Account takeover is when a fraudster gains control of an account that belongs to a genuine customer. Phishing, spyware and malware can all be used to commit account takeover attacks. However, for many merchants credential stuffing is the most common tactic used. Credential stuffing is the automated process of using stolen username and password combinations in order to gain access to customer accounts.
Fraudsters can monetize the attack in a number of ways, from making unauthorised transactions with a saved card or stolen card details to selling accounts and personal details to others.
You can read more about account takeover in our Insights Guide.
Ravelin can prevent account takeover from taking place at login, and also prevent fraudsters from placing orders from compromised accounts at checkout.
To do this we ask that you send us details about each attempt to log in and each attempt to place an order. We’ll make a recommendation as to whether we believe you should allow the customer to log in or place the order.
We generate these recommendations using custom machine learning models and rules which are explained in further detail below.
Account takeover recommendations need to be enabled on your account before they can be used. Please speak to your account manager about enabling account takeover recommendations.
Ravelin will use your data to build machine learning models to stop account takeover. We use custom supervised learning models at login and at checkout. Machine learning is the best way to stop attacks; models are adaptable, scalable and less easy to circumvent. Models also allow you to optimize conversion.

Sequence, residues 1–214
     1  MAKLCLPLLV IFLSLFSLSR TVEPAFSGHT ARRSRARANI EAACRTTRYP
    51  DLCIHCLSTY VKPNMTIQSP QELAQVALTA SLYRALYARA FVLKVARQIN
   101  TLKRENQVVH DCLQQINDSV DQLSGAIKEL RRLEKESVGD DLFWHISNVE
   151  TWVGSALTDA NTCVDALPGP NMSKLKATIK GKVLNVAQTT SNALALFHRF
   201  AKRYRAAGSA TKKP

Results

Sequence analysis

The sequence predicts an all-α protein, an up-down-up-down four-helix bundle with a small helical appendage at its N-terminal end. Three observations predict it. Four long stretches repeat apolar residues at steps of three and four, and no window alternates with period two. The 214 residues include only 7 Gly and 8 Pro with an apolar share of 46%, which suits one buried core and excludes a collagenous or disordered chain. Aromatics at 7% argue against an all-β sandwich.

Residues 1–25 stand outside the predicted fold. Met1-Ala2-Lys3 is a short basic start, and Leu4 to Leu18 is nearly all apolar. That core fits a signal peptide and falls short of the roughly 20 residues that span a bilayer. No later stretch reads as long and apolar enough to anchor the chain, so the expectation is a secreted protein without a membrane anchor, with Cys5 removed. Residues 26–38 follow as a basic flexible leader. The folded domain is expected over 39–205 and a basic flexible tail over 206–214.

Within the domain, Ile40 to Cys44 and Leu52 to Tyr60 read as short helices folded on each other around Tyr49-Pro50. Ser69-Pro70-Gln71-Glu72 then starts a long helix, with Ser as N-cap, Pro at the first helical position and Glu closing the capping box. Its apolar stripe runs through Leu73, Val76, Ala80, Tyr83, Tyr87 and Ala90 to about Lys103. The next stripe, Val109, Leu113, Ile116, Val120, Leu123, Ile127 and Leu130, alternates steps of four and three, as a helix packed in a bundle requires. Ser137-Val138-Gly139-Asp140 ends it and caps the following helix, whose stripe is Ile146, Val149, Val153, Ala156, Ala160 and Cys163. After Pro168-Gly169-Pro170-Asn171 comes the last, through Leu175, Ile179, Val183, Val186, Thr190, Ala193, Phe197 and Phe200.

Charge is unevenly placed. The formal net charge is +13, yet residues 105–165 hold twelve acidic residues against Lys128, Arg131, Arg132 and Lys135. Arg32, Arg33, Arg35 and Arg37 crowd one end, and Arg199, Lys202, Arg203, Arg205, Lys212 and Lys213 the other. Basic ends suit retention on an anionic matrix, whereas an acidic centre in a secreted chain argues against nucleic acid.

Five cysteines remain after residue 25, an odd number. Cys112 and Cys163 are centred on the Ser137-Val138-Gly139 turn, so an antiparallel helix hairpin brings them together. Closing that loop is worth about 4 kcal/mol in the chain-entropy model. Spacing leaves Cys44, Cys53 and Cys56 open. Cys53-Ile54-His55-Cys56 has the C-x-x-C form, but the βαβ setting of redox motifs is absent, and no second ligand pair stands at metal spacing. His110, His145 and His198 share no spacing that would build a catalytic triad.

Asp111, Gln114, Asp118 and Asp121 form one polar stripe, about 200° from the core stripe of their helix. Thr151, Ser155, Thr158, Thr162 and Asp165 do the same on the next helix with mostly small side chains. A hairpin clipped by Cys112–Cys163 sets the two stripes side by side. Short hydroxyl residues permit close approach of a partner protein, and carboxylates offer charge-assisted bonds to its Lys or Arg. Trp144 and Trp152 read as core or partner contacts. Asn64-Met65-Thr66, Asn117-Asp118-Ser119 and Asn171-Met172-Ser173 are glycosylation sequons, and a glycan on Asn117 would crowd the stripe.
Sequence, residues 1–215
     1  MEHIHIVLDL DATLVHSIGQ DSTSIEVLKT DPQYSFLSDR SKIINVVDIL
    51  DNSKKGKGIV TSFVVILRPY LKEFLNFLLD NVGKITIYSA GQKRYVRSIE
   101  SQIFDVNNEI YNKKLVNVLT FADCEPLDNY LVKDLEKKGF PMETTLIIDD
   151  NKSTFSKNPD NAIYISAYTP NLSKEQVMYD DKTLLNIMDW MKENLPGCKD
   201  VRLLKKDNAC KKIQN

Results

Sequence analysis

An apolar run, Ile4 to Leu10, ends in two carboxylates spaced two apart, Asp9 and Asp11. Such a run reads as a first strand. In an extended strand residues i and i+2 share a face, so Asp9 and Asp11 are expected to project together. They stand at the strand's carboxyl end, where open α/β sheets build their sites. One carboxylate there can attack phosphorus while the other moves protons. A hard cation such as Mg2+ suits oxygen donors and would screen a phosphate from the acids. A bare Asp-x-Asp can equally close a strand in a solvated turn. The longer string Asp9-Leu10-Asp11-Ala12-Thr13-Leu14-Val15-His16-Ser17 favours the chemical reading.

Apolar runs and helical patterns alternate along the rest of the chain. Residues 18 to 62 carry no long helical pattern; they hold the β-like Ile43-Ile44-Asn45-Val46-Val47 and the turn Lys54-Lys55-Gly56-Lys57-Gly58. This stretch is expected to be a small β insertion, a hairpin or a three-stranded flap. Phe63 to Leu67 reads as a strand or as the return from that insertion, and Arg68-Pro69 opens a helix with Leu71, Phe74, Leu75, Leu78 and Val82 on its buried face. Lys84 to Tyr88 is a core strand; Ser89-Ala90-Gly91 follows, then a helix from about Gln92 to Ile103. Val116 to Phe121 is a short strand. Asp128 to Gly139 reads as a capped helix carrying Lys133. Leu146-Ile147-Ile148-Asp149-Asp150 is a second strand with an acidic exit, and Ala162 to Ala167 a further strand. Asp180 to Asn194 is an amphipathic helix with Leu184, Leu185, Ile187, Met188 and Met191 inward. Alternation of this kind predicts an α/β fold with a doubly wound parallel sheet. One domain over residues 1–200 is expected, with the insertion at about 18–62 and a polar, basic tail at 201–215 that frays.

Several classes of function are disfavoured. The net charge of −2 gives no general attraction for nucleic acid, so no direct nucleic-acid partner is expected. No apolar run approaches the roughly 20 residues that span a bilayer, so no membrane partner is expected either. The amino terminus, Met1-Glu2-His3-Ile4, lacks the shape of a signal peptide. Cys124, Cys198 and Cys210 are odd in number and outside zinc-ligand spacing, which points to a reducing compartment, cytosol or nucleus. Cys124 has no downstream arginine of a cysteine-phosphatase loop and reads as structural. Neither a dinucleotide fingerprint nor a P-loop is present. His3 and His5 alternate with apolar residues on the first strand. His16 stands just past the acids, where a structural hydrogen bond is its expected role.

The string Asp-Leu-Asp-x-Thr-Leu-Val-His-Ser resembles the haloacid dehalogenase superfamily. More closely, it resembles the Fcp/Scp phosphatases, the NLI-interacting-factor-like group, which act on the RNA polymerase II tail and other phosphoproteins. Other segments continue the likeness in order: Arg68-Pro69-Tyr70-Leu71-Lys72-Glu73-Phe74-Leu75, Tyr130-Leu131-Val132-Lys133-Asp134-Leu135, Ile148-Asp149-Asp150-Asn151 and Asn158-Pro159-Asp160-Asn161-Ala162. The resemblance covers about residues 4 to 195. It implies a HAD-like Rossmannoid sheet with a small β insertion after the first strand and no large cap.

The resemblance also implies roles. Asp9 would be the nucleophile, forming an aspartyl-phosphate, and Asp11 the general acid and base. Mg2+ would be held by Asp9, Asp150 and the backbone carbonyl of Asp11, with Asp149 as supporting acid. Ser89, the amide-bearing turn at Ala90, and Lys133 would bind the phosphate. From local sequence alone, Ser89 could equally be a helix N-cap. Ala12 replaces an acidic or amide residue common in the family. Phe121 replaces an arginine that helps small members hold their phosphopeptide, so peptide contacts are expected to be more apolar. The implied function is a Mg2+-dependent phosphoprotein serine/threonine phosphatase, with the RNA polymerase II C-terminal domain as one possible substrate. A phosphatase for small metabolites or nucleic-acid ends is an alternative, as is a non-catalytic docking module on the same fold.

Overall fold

Every business is different and each custom machine learning model will care about different things.
Models at login will typically pick up on:
The login history for the customer
What do logins usually look like?
Where did the customer sign in from? Are they signing in from an unusual location?
What IP address was used? What was the ASN?
What device was used? Have they signed in from this device before?
What did the customer do on the login page?
Customer specific data
What email domain did the customer use? How old is the account?
Models at checkout may look at things like:
Transaction and order history
Does the customer usually order from this restaurant? Do they usually spend this much?
Updates to customer details
Did the customer use a new delivery address or update their phone number?
Have they used this device to make an order before? Has this device been used by other customers?
Ravelin continuously monitors the performance of machine learning models, retraining them, adjusting thresholds and identifying and adding important features.
You can learn more about machine learning for fraud detection in our Insights Guide.
Rules can be an effective way to either enforce business logic around account security and to add some basic account takeover safeguards.
For example, rules can:
Enforce business policy
If there are markets you don’t operate in, you can block all traffic from IP addresses in certain countries.
Enforce limits on device, username or IP usage
Use velocity rules to apply limits over various periods of time.
Provide additional protection during attacks
This can be especially useful as a temporary measure whilst models are being retrained and new features are added to improve performance as fraudsters change tactics.
Rules can be used in combination with machine learning, for example, if you want to challenge all logins from a new device where the machine learning score is below a certain threshold.
Ravelin continuously monitors the performance of rules and suggests any improvements.
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